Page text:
I still haven’t forgotten how it began 70 years ago this month.
I had just turned 12 and was in my last weeks of grade six at Acadia Street School in New Glasgow. The annual move to the family cottage at Rustico Beach wasn’t far away.
It was in early June that I changed my study hours leading to final exams. Instead of after-school fun with kids in the neighbourhood, I went straight home each day to finish my homework before supper.
My purpose was clear.
It was 1950 and there was something new in town — actually, it was in Stellarton, across the street from Memorial Rink.
I had to eat early to get to my destination before six o’clock. I was anxious to be in the stands early on that first evening, the evening after that, and three evenings every week for the next three months.
I was sure eager.
The Stellarton Albions had joined the Halifax and District Baseball League after spending the two previous summers in the disbanded Central Baseball League. They would be playing six times a week – three home games, three road games — and my hope was to attend as many home games as possible.
League opponents were the Truro Bearcats, Halifax Capitals, Dartmouth Arrows, Kentville Wildcats and Liverpool Larrupers.
Most of the players were young Americans, mostly up-and-coming stars in colleges south of the border. The H&D league was a perfect complement to extend their seasons after school leagues ended.
Well, I got to the Albions park in plenty of time for the opening pitch. I became so attuned to my new priorities that I missed very few games that year, or the years that followed.
Cottage life didn’t suffer.
With outboard motor boats and cabin cruisers — my father’s hobby was selling them at the end of the summer and having new ones built in Pictou most winters — I had plenty of time to cruise Pictou Harbour waters and still get to Albions games.
No wonder those H&D Albions became my favourite local sports franchise.
And now, here we are, seven decades since the H&D arrived in Pictou County, thanks to people like Clary Potts, Webb Cunningham and Clary Semple. My heart still beats faster when I reminisce about that baseball era.
Little did I realize in June 1950 that my life’s career would evolve at that ballpark.
It was a key time for myself. You see, it was around that club and those games that I advanced from being a young fan in the stands, to joining John (Brother) MacDonald in the broadcasting booth, to beginning a lifetime in sports journalism.
From 1950 through 1958, the Albions did something no other franchise did — win three consecutive championships. That happened in 1951, ‘52 and ‘53.
What huge memories those three years provided local baseball fans. To experience those summers was to maintain fond thoughts for the rest of our lives.
Having now reached my 82nd birthday, this may be the last opportunity I get to take another nostalgic journey along Stellarton’s H&D path.
So let’s do it.
Things were different in 1950. Stellarton had a population of 5,500. Now it has dropped to about 4,200.
When the Albions entered the H&D, the war had been over for only five years. But the town still had its reputation of being home to many brave and hard-working men. They served in the wars, they suffered losses in the coal fields like the Allan Shaft explosion, the county’s worst mine disaster.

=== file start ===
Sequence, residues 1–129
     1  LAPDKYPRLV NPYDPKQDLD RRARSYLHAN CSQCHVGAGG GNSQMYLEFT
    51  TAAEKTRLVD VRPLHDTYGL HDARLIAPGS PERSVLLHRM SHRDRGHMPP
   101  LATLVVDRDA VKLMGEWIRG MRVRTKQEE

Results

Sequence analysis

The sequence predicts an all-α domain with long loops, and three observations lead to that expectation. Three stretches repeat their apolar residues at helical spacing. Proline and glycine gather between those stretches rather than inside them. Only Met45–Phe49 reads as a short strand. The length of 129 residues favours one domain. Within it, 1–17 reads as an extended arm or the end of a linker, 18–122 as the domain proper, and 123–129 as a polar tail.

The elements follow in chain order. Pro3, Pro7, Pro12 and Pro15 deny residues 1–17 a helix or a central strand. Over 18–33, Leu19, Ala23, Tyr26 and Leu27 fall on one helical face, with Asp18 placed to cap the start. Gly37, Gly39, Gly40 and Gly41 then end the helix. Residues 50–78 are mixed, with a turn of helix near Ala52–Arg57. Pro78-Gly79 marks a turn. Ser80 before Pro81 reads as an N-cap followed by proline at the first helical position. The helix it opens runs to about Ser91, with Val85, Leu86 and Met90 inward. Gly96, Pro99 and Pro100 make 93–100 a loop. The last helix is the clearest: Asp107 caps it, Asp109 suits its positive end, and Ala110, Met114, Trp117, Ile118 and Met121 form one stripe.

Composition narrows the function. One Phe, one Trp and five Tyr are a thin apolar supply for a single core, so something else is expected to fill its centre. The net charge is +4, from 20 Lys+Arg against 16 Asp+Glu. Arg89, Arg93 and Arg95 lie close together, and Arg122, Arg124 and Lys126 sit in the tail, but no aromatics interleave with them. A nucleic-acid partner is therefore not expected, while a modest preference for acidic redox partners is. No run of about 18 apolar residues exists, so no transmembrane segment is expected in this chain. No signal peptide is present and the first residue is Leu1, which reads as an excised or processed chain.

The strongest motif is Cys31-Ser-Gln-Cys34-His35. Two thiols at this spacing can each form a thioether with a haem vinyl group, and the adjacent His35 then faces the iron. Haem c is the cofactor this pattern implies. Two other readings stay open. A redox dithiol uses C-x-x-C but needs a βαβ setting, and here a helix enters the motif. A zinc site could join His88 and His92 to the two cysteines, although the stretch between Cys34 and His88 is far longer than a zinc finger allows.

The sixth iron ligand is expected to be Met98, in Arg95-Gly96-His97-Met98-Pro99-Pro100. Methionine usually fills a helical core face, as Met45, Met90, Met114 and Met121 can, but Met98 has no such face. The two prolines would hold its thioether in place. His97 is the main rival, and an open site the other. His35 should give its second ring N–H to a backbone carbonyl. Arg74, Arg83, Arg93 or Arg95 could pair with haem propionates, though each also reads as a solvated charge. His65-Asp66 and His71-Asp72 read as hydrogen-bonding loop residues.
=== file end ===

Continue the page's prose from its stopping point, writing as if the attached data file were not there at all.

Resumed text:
Memorial Rink — named in memory of those who paid the supreme sacrifice — opened three years before the H&D arrived across the street. The rink actually played a role in the ball league. It’s where the Albions and visiting clubs had their dressing rooms.
In their inaugural H&D season, under coach Johnny Watterson, the Als won second place, with two important locals among the imports — outfielder Harry Reekie and pitcher Sid Roy. In the playoffs, Stellarton battled the title-bound Arrows for eight games in a best-of-seven semi-final. The local club proved quickly that they belonged in the new setup.
Stellarton went on to those three straight championships under player-coach Bill Brooks. Player turnovers, even in winning years, were common. As a result, just four players were on all three title teams — Reekie, Brooks, Joe Fulghum and Kent (Baby) Rogers.
Potts, the team president, made a brilliant move by hiring Brooks as coach and making him responsible for finding players. The first winner in ‘51 had three locals, Reekie, Roy and John (Brother) MacDonald.
In the back-to-back-to-back championships, the successes were because of Americans like Rogers, Fulghum, Gair Allie, Huck Keaney, Leroy Sires, Billy Werber, Ed Morris, Sonny Way, Jack Turney and Cecil Heath. Pitching leaders were Preacher Mustain, Don Woodlief, Joe Pazdan, Rudy Williams, Monk Raines and George Carver.
It seemed like winning would continue forever.
But when Brooks left, subsequent coaches Stan Benjamin, Fulghum, Jack Stallings and Robert Murray failed to come close to another title.
Stellarton’s final season was 1958. Four teams struggled through the ‘59 campaign and, in the spring of 1960, the league folded.
It’s the memories the Albions left behind that keep old folks like me continually interested in that wonderful era.
Fortunately, there were enough good players around the county to create a new league. Through most of the 1960s, the Twilight Senior Baseball League did a commendable job of keeping the grand old game on the field. That league, too, produced a lot of enjoyment.
In more recent decades, there have been some very fine franchises — and championships — in places like Dartmouth, Halifax, Truro and Kentville, all former H&D locations. But those ventures never fully replaced the void left by the departed Americans.
That’s why — even after a lifetime — I still allow myself to recollect those summers in the 1950s.